Review: Jay Sean – My Own Way
My Own Way proves to be a first-class release from, UK singer, Jay Sean. And with the help of intelligent writing, strong production, and Jay Sean’s crystal clear voice; flawed tracks are few and far between on this album. Some miss the mark by an inch, but a majority of My Own Way has potential to impact the charts in a heavy way. Or, at least, provide us with another great Pop album to listen to.
I had lost interest in this album after its release date was rescheduled for the umpteenth time; I simply decided this record wasn’t worth the stress and that it would never see the light of day. But I stumbled upon it and, out of curiosity, decided to give it a listen, and I was so glad I did.
My Own Way is the kind of album that will never collect dust. It doesn’t rely on trendy gimmicks to give its songs mass appeal and has a song for just about every occasion, in terms of romantic relationships. The thematic elements of this record range from feeling suffocated by our significant other (“Runaway“) to speaking out against prejudice against interracial couples (“Good Enough“). And while this turns My Own Way into an all-purpose collection of pop tunes that are bound to catch the listener’s ear, it sacrifices any chance of it having a specific tone or mood.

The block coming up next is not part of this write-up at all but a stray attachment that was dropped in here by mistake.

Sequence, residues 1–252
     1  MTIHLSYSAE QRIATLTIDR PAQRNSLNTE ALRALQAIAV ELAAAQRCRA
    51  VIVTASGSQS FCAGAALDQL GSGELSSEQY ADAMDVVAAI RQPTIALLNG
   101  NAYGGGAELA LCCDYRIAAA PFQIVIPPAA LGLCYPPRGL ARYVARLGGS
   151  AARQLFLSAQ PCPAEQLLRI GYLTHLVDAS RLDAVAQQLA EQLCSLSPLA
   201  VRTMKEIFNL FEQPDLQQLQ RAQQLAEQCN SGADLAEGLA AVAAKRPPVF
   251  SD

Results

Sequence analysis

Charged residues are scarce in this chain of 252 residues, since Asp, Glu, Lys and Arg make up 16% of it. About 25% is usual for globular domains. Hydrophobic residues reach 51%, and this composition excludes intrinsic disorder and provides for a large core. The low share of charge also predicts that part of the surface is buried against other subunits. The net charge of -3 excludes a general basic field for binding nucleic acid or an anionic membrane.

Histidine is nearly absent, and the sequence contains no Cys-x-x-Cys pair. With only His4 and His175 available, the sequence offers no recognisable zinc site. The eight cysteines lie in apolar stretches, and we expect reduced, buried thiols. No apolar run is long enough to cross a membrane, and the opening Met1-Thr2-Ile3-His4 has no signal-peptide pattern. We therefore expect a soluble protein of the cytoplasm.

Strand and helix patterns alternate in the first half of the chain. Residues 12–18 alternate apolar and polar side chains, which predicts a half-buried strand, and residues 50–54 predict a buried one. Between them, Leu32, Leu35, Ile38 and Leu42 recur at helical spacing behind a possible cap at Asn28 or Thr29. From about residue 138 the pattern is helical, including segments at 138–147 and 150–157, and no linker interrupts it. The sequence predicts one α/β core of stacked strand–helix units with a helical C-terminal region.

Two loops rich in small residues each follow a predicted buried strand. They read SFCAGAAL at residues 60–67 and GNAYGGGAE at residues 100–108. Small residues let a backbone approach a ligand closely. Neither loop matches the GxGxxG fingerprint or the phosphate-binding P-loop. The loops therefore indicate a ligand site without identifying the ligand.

But, even though it lacks any sense of direction, My Own Way is undeniably consistent. Some tracks have unforgivably cheap lyrics (“I Won’t Tell“), with shoddy production jobs to match, but are extremely rare and easily forgotten. Especially when this album is showering us with epic mid-tempos (“Stay“) and infectious R&B tunes (“Murder“).
With My Own Way, Jay Sean delivered in a way I was not expecting him to and stretched his voice out across one of the strongest pop albums of the year, so far. It doesn’t sport any innovative ideas, but this album is successful at putting Jay Sean’s influence upon classic song elements.
KEEPERS: “Ride It”, “Maybe”, “Stay”, “Stuck In The Middle”, “Good Enough”, “Cry”, “Runaway”, “Waiting”, “Used To Love Her”, “Just A Friend”, “Murder”